Islamism

Prevent database revealed

Published on: Wed, 09/10/2019 - 10:56
Author

Zack Muddle

UK police have a secret database with details of thousands of people referred to “Prevent”, the government’s supposed “anti-radicalisation” programme, it was revealed on 6 October by the Guardian, via human rights group Liberty.

The National Police Prevent Case Management (PCM) database is accessible to all UK police forces and the home office, and contains personal details and reasons for “referral” of all those referred. People referred are not notified, and so have no (straightforward) rights to due process.

The stated aim of Prevent is to prevent “radicalisation” which is at risk of

Banning hijab in schools

Published on: Wed, 18/09/2019 - 10:17
Author

David Pendletone

I will be moving a motion for a ban on the hijab in schools up to Key Stage 3 at the Workers’ Liberty conference in December. I want to explain why.

The hijab isn’t just a piece of clothing, or even just a piece of religious clothing. It has strong political connotations with religious conservatism. It is closely associated with the notion of modesty, a sexist modesty which means women have to cover up to avoid arousing men. Martin Thomas correctly wrote in 2003, during a previous discussion within Workers’ Liberty:

“Whatever it is in an individual’s mind, socially and historically the hijab

Convergence on the right

Published on: Wed, 11/09/2019 - 10:09
Author

Cathy Nugent

″The right has changed; it has embraced the ideas of its outliers″, argues Dave Renton at the start of The New Authoritarians, Convergence on the Right. By embracing the outliers, Renton says, Trump and others have ″radicalised″ their conservative message.

At the same time Renton says, the left has failed to reassess the shape of the new right spectrum and have been weak on challenging its central ideas. The most important of these, for Renton, is its particular form of racism, how the ″right seeks to restrict welfare benefits to members of the [invented] national community, excluding migrants

“Islamophobia”? It’s anti-Muslim racism

Published on: Wed, 17/07/2019 - 09:03
Author

Pragna Patel

Pragna Patel from Southall Black Sisters spoke to Martin Thomas from Solidarity about the controversy over the Government’s rejection of the All Party Parliamentary Group (APPG) definition of “Islamophobia”.

We were against the idea of having a specific definition of “Islamophobia”. Racism against Muslims exists. It is pervasive and needs to be resolutely challenged. “Islamophobia” conflates legitimate criticism of religion, which groups like Southall Black Sisters have always engaged, with racism towards people of a particular minority. The use of the term “Islamophobia” makes it very easy to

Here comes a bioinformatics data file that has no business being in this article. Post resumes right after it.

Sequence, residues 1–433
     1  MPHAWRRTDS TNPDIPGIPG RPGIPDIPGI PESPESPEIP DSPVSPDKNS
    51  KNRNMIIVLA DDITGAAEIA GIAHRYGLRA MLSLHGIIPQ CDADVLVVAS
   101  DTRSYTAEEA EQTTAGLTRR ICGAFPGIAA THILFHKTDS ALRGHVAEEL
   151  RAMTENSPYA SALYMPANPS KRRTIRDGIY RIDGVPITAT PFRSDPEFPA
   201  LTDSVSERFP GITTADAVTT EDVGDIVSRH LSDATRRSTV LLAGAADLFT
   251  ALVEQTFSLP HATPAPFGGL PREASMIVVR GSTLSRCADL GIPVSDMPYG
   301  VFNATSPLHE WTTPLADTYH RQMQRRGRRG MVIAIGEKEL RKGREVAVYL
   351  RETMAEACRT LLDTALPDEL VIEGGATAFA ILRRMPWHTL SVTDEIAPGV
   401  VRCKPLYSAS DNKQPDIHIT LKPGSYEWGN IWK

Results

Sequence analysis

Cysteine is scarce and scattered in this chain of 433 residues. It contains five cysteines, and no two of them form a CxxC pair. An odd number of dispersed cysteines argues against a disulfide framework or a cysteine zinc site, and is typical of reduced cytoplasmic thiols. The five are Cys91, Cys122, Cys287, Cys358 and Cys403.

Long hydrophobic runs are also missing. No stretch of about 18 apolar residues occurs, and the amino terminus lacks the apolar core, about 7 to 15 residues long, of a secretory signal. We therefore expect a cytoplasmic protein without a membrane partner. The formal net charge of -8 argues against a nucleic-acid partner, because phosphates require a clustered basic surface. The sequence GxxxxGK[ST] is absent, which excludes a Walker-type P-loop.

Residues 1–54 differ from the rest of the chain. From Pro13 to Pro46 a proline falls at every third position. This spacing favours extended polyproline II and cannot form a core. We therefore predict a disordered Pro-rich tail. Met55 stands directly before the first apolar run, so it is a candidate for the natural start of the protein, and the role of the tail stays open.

Defining "Islamophobia"

Published on: Mon, 20/05/2019 - 12:52
Author

various

The All-Party Parliamentary Group on British Muslims has proposed a definition of "Islamophobia", and the Government has rejected it.

The definition is here

Against the definition

Chris Sloggett, a spokesperson for the National Secular Society, told us:

"Anti-Muslim hatred is a growing problem which must be taken seriously. But we also need a robust discussion on the influence which religion, including Islam, has on British society.

"Those who raise concerns about religious privileges which undermine women's rights, animal welfare, LGBT rights and the principle of one law for all are routinely

Muslim women, the veil and the Christchurch massacre

Published on: Wed, 27/03/2019 - 10:01
Author

Marieme Helie Lucas

Marieme Helie Lucas, an Algerian socialist feminist, has written this open letter: to people of good will, solidarising with victims of the Christchurch massacre; to the New Zealand Prime Minister; and to the management of Mount Royal University, Calgary, Canada.

In response to massacres perpetrated by extreme-right white supremacists in two mosques in New Zealand on 15 March 2019, several symbolic actions took place that aimed at conveying to Muslims — who were attacked as such, since they were praying in the mosque when it happened – that they could count on their fellow citizens’

The Satanic Verses thirty years on

Published on: Sat, 02/03/2019 - 08:56
Author

Matthew Thompson

It is thirty years since the publication of Salman Rushdie's novel The Satanic Verses, partly based on the life of the founder of Islam, Muhammad, sparked protests across the Muslim world, with riots in India and Pakistan in which dozens of Rushdie's fellow Muslims were shot dead, book burnings on the streets of Britain, and ultimately an Iranian death sentence which sent its author into hiding under armed police guard.

In BBC Two's The Satanic Verses: 30 Years On, radio presenter and journalist Mobeen Azhar travels around the country, speaking to protagonists in what became known as the

Shamima Begum should be allowed to return to the UK

Published on: Wed, 20/02/2019 - 23:31
Author

Martin Thomas

Shamima Begum, the British-born 19-year old who went to Syria to join Daesh at the age of 15, should be allowed to return to the UK.

Her support for the sectarian clerical-fascist Daesh is to be condemned. But to deprive anyone of legal rights, as to imprison them, should be done only after charge and fair trial, not by decree of a government minister anxious to placate an electorate in a nationalist mood.

She is a British citizen, and so is her baby son. Even people convicted of horrible crimes after due process do not have their citizenship withdrawn.

More, she is a teenager. She has the

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